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SYMPOSIUM (THEME SECTION: CAREGIVING AND CAREGIVERS)
Year : 2016  |  Volume : 32  |  Issue : 1  |  Page : 25-27

Cross-cultural differences in caregiving: The relevance to community care in India


School of Psychiatry and Clinical Neurosciences, Community, Culture and Mental Health Unit, Fremantle Hospital, The University of Western Australia, Crawley WA, Australia

Correspondence Address:
Prof. Mohan Isaac
School of Psychiatry and Clinical Neurosciences, Community, Culture and Mental Health Unit, Fremantle Hospital, The University of Western Australia (M704), 35, Stirling Highway, CRAWLEY WA 6009
Australia
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Source of Support: None, Conflict of Interest: None


DOI: 10.4103/0971-9962.176763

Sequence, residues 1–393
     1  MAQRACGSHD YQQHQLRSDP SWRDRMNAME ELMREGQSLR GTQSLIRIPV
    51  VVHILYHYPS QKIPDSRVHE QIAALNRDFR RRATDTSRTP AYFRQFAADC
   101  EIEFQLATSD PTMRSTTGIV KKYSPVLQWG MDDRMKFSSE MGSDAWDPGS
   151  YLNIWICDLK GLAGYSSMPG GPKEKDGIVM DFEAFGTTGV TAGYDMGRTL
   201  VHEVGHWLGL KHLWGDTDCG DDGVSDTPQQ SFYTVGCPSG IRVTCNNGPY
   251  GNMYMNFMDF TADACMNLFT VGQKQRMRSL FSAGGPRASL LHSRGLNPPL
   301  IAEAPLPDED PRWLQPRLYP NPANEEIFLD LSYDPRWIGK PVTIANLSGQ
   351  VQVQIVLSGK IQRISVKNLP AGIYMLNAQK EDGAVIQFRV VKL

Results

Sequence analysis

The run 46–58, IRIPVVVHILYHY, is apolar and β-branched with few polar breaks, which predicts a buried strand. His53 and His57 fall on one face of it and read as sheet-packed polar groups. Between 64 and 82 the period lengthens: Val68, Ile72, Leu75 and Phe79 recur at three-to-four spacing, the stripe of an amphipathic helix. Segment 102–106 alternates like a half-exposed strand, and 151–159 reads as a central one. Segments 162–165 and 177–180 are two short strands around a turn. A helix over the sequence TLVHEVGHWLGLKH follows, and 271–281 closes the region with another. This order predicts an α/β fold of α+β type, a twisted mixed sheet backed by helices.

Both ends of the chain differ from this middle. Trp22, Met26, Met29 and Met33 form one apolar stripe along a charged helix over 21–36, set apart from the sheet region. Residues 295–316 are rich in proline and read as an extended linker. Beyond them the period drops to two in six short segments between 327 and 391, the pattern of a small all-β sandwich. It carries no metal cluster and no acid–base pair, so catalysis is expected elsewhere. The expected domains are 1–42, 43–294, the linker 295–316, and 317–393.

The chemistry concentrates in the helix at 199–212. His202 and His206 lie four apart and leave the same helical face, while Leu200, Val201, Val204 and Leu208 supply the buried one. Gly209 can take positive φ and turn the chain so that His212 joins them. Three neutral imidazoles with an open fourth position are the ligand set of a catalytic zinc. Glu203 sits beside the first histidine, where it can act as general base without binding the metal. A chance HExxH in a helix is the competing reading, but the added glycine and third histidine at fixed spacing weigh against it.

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Deinstitutionalization movement in the West brought about community care movement of mentally ill. Because of this, caring for the mentally ill became an important aspect. In resource-rich countries, caregiving is done by trained persons and in resource-poor country (like India), caregiving was done by untrained family members. Cross-cultural factors such as interdependence and greater family involvement in care have contributed for family members' decision-making in caregiving in India. Nevertheless, cross-cultural similarities in caregiving are more striking than differences. Genuine caregiving of mentally ill will make significant difference to the recipient. In India, majority of the persons with mental illness are cared by family members. Family members lack knowledge about the nature of the illness, have little support and advice by the medical professional, and have difficulties in understanding illness-related behavior. Hence, in India, there is need to develop effective, user-friendly, educational modules in all languages; to increase the knowledge of the carers about the mental illness, and help in decreasing their distress.


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